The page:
Chinese steel futures resumed their record-setting rally on Thursday, after a five-day Labour Day holiday, over demand prospects and lifted prices of steelmaking ingredients including iron ore.
Asia’s iron ore benchmarks also rose after China “indefinitely” suspended all activity under a China-Australia Strategic Economic Dialogue, in the latest setback to the strained relations between Beijing and Canberra.
Australia is the world’s biggest iron ore supplier and covers about two-thirds of China’s import needs of the raw material.
China, the world’s top steel producer, has imposed a series of trade sanctions on Australian exports ranging from wine to coal.
Iron ore trade has so far been spared, but analysts believe China is looking at ways to reduce its reliance on Australian iron ore.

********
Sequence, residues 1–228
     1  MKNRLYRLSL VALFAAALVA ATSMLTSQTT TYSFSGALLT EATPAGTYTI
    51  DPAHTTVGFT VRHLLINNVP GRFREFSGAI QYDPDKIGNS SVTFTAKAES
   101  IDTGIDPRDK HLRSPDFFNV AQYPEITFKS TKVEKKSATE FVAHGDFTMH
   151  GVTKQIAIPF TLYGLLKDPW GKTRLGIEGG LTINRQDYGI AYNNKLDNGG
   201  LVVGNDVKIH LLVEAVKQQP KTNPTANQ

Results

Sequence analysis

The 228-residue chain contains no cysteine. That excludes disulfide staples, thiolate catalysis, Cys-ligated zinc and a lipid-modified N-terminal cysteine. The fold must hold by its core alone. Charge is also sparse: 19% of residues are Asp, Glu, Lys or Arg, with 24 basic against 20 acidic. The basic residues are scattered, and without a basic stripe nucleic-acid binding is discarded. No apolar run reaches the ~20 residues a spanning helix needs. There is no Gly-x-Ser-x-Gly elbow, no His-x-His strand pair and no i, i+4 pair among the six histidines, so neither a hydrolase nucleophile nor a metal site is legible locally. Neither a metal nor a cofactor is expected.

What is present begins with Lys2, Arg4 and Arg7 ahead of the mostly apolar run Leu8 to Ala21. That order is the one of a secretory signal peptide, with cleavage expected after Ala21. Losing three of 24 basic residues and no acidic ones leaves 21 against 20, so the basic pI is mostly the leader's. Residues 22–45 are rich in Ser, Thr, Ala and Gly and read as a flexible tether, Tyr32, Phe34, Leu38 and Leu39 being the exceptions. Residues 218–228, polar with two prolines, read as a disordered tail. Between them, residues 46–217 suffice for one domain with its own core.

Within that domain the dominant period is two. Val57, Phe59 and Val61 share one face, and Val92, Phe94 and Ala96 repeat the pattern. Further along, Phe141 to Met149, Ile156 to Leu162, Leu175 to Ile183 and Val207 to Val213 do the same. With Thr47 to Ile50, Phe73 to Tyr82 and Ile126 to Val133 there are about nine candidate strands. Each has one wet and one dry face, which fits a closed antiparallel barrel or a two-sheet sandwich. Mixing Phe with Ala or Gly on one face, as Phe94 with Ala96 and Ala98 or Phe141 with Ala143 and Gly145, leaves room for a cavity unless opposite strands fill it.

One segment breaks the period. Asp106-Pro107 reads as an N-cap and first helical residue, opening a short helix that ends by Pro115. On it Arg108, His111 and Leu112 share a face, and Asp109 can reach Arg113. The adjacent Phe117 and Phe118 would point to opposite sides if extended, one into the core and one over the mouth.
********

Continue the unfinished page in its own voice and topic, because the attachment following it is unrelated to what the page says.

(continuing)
September iron ore on the Dalian Commodity Exchange surged 6.8% to 1,184 yuan ($182.77) a tonne by 0700 GMT. On the Singapore Exchange, June iron ore climbed 4.9% to $196.10 a tonne.
“China is unlikely to ban imports of Australian commodities which they rely heavily on as it will impact the domestic economy,” Wood Mackenzie senior economist Yanting Zhou said.
“The government is more likely to raise the administrative cost for importing commodities from Australia if they want to take action.”
Construction steel rebar on the Shanghai Futures Exchange SRBcv1 advanced as much as 4.7% to a record 5,672 yuan a tonne.
Hot-rolled coil, which is steel used in car bodies and home appliances, jumped as much as 4% to a record 5,957 yuan a tonne.
Indicating strong downstream demand, inventories of main steel products in China – rebar, wire rods, coils and plates – fell 5% last week from the prior week, while apparent consumption grew 5.3%, data from Mysteel consultancy showed.
Dalian coking coal leapt 8%, hitting the day’s upside limit, while coke rose 5.6%.
Shanghai stainless steel gained 4.3%.